When it comes to new technology, treatments and research, Edmonton minds often lead the way in Canada and sometimes even the world.
From snap-on ears and noses to scalpel-free surgeries, here are some of the most brilliant health innovations of 2017.
1. Jaw-dropping prostheses
The University of Alberta’s SMART Network researchers produced what they call the most advanced prosthetic arm in the world. Not only does this robotic limb move almost exactly like the real thing (the fingers could eventually be fine-tuned to play the piano), but it can analyze data from the wearer and predict what movement that person needs next.
The Institute for Reconstructive Sciences in Medicine continued to put the “art” in “artificial” this year.
This team creates lifelike ears, noses and other prostheses that literally snap on to the head. Patients, including head and neck cancer survivors, are fitted with titanium posts in their skulls which attach to the hand-painted pieces via magnets.
2. Cutting-edge heart procedures (with hardly any cutting)
Specialists at the Mazankowski Alberta Heart Institute made headlines for a couple of cool techniques in 2017.
Cardiac surgeon Jeevan Nagendran created Western Canada’s first dedicated program for “closed chest open heart surgery.”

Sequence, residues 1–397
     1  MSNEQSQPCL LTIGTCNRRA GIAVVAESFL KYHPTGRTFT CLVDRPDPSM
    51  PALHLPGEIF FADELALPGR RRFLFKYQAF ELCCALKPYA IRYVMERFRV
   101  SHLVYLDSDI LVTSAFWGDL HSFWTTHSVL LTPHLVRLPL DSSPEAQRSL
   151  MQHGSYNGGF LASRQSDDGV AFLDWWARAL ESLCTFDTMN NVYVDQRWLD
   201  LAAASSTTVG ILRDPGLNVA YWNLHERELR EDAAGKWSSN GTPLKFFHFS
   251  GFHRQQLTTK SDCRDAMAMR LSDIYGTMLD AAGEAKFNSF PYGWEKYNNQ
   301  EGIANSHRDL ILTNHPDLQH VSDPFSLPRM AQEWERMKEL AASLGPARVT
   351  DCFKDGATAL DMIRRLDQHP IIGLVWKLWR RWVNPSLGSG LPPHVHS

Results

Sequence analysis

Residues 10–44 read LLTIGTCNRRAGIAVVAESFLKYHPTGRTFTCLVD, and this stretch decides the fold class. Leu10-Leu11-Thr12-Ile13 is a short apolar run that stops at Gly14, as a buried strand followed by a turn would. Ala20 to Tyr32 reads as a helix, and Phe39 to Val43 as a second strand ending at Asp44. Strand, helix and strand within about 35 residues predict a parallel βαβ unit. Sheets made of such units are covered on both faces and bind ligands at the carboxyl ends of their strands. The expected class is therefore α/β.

Using state-of-the-art tools and camera equipment, Nagendran’s team can repair a patient’s heart through a tiny hole between their ribs. Compared to the conventional method of cutting through the sternum, the new technique drastically reduces recovery time.
Interventional cardiologist Minh Vo became one of just 25 people in the world to qualify to teach a new artery-opening procedure.
Rather than trying to push through a stubborn clog, he runs a special tube inside the artery wall to create a new path for blood flow. The technique can even help patients whose vessels are 100 per cent blocked.
3. Scalpel-free brain surgery
The University of Alberta Hospital’s new Gamma Knife wasn’t made in Edmonton, but Edmontonians made it happen. The $17.5-million machine and MRI were purchased by donors to the University Hospital Foundation.
The technology is some of the most advanced of its kind in Canada. It allows surgeons to zap an area as tiny as a millimeter with radiation, without damaging surrounding tissue. That means there’s no need to open the skull, and there’s new hope for patients who couldn’t be saved before.
The Gamma Knife is being used for hard-to-reach brain tumours, blood vessel malformations and some pain and movement disorders.